By Hannah Eddy
This summer Walt Disney is set to release The Lone Ranger starring Johnny Depp and Armie Hammer. The story, of course, is nothing new. The Lone Ranger today is an icon of the 20th century. His story represents a romanticized version of the “Wild West” with all its rough and tumble glory. The Lone Ranger is a hero, saving the lives of innocent settlers and catching outlaws with the aid of his faithful friend, Tonto. Yet the image of the Masked Avenger that movies and TV have painted in our mind may not be entirely accurate. In the past, men like Clayton Moore, Chad Michael Murray, and now, Armie Hammer, have played the leading role of the Lone Ranger. A closer look at the historicity of the Lone Ranger’s story however, suggests the possible inspiration for the legendary figure to be Bass Reeves, an often forgotten former slave and U.S. Marshall in the Indian Territory in the years preceeding the Civil War.
Bass Reeves was born in 1838 in Crawford County, Arkansas, a child of slaves. He grew up in Grayson, Texas after his owner, William S. Reeves relocated. During the Civil War, Bass claimed to have fought under the leadership of William Reeves’ son, Col. George Reeves in the Battles of Pea Ridge (1862), Chickamauga (1863), and Missionary Ridge (1863). Bass Reeves’ family however, claims an alternative story which suggests that between 1861 and 1862, Reeves attacked his owner in an argument over a card game and escaped into Indian Territory. Though the truth has yet to be determined, historians consider it unlikely that Reeves ever served in the last two battles. Regardless, after the war, it is understood that Reeves served as a guide for U.S. government officials as they passed through Indian Territory.
In 1875, Reeves began his career as a deputy U.S. Marshal under the guidance of Federal Judge Isaac Parker of the Western District of Arkansas. Roaming a 75,000 mile area in what is now mostly Oklahoma, Reeves was responsible for chasing and apprehending criminals. To do his job, Reeves employed a number of clever tricks and techniques all too reminiscent of the well known Masked Avenger. As a 6’2″ man, Reeves learned from the Native Americans how to make himself appear smaller on his strong white and grey horse. At times he would surprise outlaws by adopting their clothing and mannerisms. Just as the Lone Ranger gave out silver bullets, so too did Reeves give out silver dollars as calling cards. Reeves was also often accompanied by one particular Native American, whose name is unfortunately unknown to historians at this time. According to contemporary reports, Reeves apprehended more than 3,000 outlaws and killed 14 during his time as a marshal. Many of the criminals he apprehended were sent to Detroit to serve their time. Interestingly enough, it was in Detroit that the Lone Ranger radio program first aired.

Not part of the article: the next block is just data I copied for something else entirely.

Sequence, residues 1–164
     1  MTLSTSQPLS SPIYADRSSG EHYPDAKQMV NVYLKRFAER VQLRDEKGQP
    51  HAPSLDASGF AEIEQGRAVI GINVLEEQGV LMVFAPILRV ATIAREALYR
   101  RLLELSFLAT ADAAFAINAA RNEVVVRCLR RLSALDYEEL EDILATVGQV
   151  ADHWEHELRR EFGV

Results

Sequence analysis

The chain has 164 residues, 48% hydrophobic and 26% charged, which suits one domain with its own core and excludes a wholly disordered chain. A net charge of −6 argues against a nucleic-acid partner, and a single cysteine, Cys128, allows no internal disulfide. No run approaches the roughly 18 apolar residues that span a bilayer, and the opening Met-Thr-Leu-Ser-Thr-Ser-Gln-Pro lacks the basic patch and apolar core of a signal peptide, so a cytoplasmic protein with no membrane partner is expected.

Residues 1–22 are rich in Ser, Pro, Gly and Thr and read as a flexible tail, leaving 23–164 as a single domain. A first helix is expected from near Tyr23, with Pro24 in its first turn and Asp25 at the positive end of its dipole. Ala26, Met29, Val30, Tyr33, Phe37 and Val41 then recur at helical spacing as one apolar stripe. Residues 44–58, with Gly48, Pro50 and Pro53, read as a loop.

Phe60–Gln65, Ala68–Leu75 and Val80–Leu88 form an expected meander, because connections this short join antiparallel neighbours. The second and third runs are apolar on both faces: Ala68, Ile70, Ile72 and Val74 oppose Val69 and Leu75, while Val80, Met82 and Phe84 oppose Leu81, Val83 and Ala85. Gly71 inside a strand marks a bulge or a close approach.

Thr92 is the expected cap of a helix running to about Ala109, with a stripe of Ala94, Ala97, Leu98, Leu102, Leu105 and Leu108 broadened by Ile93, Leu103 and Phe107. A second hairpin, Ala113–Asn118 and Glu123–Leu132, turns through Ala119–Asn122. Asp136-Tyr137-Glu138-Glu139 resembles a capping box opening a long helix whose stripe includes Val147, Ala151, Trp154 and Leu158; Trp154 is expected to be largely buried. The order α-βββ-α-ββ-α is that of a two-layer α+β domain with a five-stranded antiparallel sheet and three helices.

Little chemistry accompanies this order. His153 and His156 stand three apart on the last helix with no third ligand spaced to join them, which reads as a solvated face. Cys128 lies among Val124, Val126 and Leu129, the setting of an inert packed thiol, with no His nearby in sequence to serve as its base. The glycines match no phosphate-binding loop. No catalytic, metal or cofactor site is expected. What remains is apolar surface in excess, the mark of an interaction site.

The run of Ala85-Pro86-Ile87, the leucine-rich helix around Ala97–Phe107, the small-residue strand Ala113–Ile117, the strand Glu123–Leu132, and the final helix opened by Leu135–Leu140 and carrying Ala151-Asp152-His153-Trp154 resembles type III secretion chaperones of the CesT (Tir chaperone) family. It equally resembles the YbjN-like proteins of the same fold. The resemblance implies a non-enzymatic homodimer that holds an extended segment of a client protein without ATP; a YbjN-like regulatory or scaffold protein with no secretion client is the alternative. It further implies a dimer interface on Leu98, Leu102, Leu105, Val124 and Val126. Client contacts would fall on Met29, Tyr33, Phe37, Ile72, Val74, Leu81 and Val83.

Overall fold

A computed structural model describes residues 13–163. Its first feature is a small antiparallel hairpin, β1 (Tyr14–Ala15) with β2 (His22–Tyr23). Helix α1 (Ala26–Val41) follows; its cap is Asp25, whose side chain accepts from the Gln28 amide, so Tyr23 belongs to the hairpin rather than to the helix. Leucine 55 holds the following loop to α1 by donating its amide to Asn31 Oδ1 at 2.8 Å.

What the Lone Ranger did in movies, Bass Reeves did in real life. Known for wielding a rifle along with two pistols on either hip and being a dangerously accurate shot, Reeves no doubt had an intimidating presence. It was his unwavering dedication to his job however, that gave Reeves his serious reputation throughout the West. Despite his success, Reeves was forced to retire in 1907 when Oklahoma became a state due to the strict Jim Crow laws. Sadly, his larger than life persona has since been lost in the annals of history. While the story of the fictional Lone Ranger comes back time and time again, the true story of Bass Reeves continues on without much notice.
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